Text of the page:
Editor's note: In honor of Women’s History Month this March, NATA would like to celebrate all women athletic trainers making a difference in the profession and their patients’ lives through a monthlong blog series. Julie Frymyer, DPT, MS, ATC, Tiffany Morton, MS, LAT, ATC, and Laura A. McCabe, LAT, ATC, were also featured on the NATA Now blog prior to the Super Bowl.
For the first time in Super Bowl history, three female athletic trainers were on the sidelines providing health care to players.
Julie Frymyer, DPT, MS, ATC, and Tiffany Morton, MS, LAT, ATC, with the Kansas City Chiefs and Laura A. McCabe, LAT, ATC, with the San Francisco 49ers stood ready Feb. 2 at the Hard Rock Stadium in Miami Gardens, Florida, while an estimated 102 million people watched Super Bowl LIV.
“The Super Bowl was a great experience,” McCabe said. “I approached that week like any other road trip. We had a couple other weeklong road trips this season, so we know how to prepare. The energy surrounding the team was infectious. The team worked hard every day and carried their energy to the other events for the Super Bowl. I was proud to be with our team and represent them.”
“There were three full-time women ATs in the Super Bowl, however [the Chiefs] have a seasonal intern, Jordan Stiers, who has been with us all year, and the 49ers have a female seasonal [intern] as well,” Frymyer said. “So really, there were five female ATs working the Super Bowl.
“Last year, the Rams had two female ATs on their sideline. By having three full-time and two interns this year, this shows that females in these positions are no longer rarities. We’re seeing continued increases in females on athletic training staffs, including those starting their careers as interns. This should be our normal, and we need treat it as such.”
For football players, the Super Bowl is one of, if not the most important game of their career. It is an AT’s duty to keep players as healthy as possible so they are able to perform at their best.
“I can say that for the most part treatments were easy that week as the guys had already worked very hard to be healthy for that game before we even arrived,” Morton said. “And by guys, I mean the athlete and the other ATs. This is always a team effort, and it takes each of us giving a bit more so we all are successful.”
After a season of some game-threatening injuries, such as defensive tackle Chris Jones’ calf, tight end Travis Kelce’s knee and tight end Deon Yelder’s Achilles, the Chiefs pulled through in a 31-20 final, with quarterback Patrick Mahomes taking home the Super Bowl Most Valuable Player Award.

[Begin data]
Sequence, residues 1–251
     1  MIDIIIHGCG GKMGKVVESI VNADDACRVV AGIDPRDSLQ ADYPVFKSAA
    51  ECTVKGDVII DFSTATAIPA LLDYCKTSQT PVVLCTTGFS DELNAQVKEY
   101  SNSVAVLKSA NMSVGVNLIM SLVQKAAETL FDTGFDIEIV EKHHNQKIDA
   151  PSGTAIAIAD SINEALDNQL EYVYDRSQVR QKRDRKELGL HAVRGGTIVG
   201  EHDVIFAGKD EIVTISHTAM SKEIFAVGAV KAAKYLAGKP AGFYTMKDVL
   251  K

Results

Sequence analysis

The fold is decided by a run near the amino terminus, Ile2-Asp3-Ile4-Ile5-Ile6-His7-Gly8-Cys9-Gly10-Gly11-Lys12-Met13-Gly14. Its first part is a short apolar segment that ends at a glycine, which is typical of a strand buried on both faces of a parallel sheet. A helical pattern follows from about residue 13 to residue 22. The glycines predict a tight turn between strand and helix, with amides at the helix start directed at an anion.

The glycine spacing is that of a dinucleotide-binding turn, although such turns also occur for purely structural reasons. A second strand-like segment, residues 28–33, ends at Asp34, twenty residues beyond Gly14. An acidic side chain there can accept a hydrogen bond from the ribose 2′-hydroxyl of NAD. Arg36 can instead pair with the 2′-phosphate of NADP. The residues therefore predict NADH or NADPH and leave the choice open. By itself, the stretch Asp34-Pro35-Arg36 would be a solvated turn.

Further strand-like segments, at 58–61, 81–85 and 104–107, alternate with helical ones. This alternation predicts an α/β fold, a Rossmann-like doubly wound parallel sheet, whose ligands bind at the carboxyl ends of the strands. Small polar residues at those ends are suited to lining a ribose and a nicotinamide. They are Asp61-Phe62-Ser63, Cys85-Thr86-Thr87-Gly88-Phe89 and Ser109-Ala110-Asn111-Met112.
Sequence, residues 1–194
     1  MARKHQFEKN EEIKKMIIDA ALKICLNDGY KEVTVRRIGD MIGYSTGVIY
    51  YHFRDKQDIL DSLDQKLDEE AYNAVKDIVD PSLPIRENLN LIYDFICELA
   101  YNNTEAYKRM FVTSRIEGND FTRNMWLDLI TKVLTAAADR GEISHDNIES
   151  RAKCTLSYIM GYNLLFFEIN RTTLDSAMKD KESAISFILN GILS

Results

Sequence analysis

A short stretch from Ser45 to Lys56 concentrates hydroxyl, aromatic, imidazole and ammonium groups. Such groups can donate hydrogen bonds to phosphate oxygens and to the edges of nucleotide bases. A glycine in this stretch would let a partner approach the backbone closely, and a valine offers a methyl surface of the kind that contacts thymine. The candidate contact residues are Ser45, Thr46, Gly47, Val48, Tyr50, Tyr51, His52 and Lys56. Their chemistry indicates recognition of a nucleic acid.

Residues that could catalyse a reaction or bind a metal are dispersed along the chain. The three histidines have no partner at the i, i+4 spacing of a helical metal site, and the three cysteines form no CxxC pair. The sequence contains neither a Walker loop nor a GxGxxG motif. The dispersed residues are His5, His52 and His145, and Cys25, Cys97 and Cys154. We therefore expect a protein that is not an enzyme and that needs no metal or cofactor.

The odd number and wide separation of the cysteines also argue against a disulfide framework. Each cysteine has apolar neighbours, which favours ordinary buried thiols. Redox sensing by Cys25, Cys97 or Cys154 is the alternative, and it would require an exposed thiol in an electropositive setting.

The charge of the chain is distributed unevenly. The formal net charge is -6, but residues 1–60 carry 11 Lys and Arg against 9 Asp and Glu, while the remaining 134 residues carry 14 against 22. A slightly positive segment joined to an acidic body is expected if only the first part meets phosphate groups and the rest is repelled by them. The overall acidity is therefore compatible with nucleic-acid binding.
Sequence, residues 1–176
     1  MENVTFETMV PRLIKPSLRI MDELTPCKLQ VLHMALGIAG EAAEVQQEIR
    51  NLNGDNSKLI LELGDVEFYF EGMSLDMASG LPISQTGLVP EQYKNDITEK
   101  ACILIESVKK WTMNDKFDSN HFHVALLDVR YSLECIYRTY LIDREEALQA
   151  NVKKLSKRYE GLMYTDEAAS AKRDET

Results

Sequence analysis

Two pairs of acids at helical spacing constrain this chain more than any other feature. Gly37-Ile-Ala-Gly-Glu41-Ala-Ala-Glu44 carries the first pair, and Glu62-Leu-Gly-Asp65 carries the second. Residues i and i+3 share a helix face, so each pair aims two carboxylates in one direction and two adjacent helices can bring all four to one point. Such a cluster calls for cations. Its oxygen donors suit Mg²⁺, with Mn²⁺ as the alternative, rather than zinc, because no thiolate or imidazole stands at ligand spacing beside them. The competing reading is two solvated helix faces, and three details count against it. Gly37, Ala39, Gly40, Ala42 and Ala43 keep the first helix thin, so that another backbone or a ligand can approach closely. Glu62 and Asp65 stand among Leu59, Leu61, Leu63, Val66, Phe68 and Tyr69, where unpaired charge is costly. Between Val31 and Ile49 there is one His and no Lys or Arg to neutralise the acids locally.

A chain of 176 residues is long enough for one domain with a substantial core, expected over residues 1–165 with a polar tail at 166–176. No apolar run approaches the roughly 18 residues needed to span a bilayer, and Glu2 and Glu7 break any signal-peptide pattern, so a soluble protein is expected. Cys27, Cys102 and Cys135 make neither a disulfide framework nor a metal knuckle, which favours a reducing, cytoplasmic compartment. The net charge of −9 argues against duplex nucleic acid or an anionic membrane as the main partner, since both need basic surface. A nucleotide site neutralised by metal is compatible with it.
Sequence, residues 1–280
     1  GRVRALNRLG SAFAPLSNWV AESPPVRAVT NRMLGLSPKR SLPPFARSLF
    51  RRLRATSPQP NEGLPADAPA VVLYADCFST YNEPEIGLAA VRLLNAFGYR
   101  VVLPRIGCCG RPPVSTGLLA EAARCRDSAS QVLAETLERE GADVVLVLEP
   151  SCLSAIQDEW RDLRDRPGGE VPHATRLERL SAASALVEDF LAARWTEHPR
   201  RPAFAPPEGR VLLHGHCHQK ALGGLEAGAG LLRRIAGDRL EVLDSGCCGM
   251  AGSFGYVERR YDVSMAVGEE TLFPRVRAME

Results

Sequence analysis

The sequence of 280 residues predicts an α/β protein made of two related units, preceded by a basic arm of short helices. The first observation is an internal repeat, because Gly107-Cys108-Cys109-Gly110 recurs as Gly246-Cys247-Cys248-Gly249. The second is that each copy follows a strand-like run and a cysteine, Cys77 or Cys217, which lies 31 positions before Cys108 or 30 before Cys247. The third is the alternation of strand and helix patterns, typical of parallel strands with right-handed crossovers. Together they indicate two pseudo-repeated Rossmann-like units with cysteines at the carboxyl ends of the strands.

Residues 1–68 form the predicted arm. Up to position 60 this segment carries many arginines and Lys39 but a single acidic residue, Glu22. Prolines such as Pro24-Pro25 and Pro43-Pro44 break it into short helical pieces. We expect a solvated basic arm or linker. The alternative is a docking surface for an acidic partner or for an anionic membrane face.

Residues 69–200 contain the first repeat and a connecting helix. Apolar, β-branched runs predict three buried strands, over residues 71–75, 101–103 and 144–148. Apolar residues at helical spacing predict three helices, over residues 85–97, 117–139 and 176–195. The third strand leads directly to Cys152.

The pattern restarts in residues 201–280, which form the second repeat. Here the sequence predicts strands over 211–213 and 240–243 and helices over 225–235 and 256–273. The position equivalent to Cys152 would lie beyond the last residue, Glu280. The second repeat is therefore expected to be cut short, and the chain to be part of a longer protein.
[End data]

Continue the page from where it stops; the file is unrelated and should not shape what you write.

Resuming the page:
“Winning was surreal and like an out-of-body experience,” Morton said. “I haven’t been in the league long, but I’ve been to enough games where we were inches or seconds or a coin flip away from the next step. I’ve been to enough to not celebrate before the win is a guaranteed; and I think that’s how I felt the last two minutes. I was waiting, counting the time and timeouts left and what we needed to be sure. It wasn’t until the Gatorade hit the big guy, coach Andy Reid, that I started to believe we finally did it. And then it was a hug and congratulate and smile and gasp and take it all in.”
“I’m not sure I can put into words what it felt like to win,” Frymyer said. “It was surreal. It was extremely gratifying to see our team reach the ultimate goal they set out to achieve at the beginning of the year. To be able to help them on their journey and see them raise that trophy is something I will never forget. Celebrating with our entire sports medicine staff on the field and in the locker room was incredible.”
In professional sports, women caring for male teams used to be a bit of a taboo; but over the years, strides have been made to pave the way for the women ATs.
“I would say having options in medical care is the biggest impact women have in football,” Morton said. “Athletes should have the opportunity to work with who they feel most comfortable. Sometimes guys work better with women because perhaps they’ve always had a strong female in their life pushing them. Whatever the reason, it allows more options for best fit for our guys, which allows better healing. That’s the goal.”
ATs have the unique opportunity to advocate for the profession and encourage athletic training students to follow their dreams, no matter the setting.
“We should continue to look at women in these positions as normal,” Frymyer said. “The longer we continue to make it an oddity, the longer it will be one. We want the conversation to shift from being about gender and, instead, make it about being the best athletic trainer. All athletic trainers, no matter gender, should strive to be the best at their profession.”